I've read the related questions and understand the following derivation except for one key step that involves a minus sign. (From Schwartz ch.2):

$$ i \langle 0| \partial_t \phi(\vec x,t) | \psi\rangle = \biggl\langle 0 \Bigm| \int \frac{d^3p}{(2\pi)^3} \frac{\sqrt{\vec p^2 + m^2}}{\sqrt{2\omega_p}} (a_p e^{-ipx} - a_p^{\dagger} e^{ipx})\Bigm|\psi\biggl\rangle \tag{2.85} $$ $$ = \left\langle 0\Bigm| \sqrt{m^2- \vec \nabla^2} \phi_0(\vec x,t) \Bigm|\psi\right\rangle\tag{*}$$ which gives us $i\partial_t \psi(x) \approx \left( m - \frac{\vec \nabla^2}{2m} \right) \psi(x)$.

My question is the step from (2.85) to (*). The quantum field, defined

$$\phi_0(\vec x,t) = \int \frac{d^3p}{(2\pi)^3} \frac{1}{\sqrt{2\omega_p}} (a_p e^{-ipx} + a_p^{\dagger} e^{ipx})\tag{2.81}$$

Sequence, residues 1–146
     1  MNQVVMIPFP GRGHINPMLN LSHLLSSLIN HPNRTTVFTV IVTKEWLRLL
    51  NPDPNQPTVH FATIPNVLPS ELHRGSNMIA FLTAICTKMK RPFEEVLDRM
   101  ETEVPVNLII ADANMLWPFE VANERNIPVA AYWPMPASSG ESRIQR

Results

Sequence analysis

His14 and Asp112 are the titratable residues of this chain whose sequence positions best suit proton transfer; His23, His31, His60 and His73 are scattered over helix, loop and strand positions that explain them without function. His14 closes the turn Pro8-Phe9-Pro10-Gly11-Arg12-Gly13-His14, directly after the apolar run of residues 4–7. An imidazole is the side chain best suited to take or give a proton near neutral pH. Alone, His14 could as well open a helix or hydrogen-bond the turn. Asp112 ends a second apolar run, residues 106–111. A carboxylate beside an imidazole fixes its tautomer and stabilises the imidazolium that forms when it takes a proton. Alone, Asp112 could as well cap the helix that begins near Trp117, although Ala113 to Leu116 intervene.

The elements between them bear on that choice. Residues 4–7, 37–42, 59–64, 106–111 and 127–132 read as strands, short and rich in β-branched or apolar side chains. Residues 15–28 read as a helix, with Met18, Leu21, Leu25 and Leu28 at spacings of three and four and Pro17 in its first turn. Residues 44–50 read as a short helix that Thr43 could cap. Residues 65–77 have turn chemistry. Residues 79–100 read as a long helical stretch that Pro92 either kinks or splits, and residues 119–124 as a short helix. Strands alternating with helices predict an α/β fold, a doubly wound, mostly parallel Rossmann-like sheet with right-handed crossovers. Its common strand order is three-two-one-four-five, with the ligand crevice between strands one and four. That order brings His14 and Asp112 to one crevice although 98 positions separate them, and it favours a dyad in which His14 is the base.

contains a plus sign, not a minus sign as in (2.85). I agree that the F.T. of $\sqrt{\vec p^2 + m^2}$ is $\sqrt{m^2 - \vec \nabla^2}$, but doesn't that minus sign ruin the equality?

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    $\begingroup$ The only contribution should be from the $a_p$ term, so the sign of the $a_p^\dagger$ term makes no difference. $\endgroup$ – knzhou Dec 25 '17 at 22:54
  • $\begingroup$ @knzhou Could you explain? (2.85) is equivalent to saying $ \int \frac{d^3p}{(2\pi)^3} \frac{\sqrt{\vec p^2 + m^2}}{\sqrt{2\omega_p}} (-a_p^{\dagger} )e^{ipx} = \sqrt{m^2 - \vec \nabla^2} \int \frac{d^3p}{(2\pi)^3} \frac{1}{\sqrt{2\omega_p}} (+a_p^{\dagger}) e^{ipx}$ which isn't clear to me $\endgroup$ – Dwagg Dec 25 '17 at 23:12
  • $\begingroup$ But both sides are sandwiched with $\langle 0|$ and $| \psi \rangle$, so this equation is actually $0 = 0$ and it's fine. It's like how you can have $e^0 = \cos(0)$ even though $e^x \neq \cos(x)$ in general. $\endgroup$ – knzhou Dec 25 '17 at 23:16

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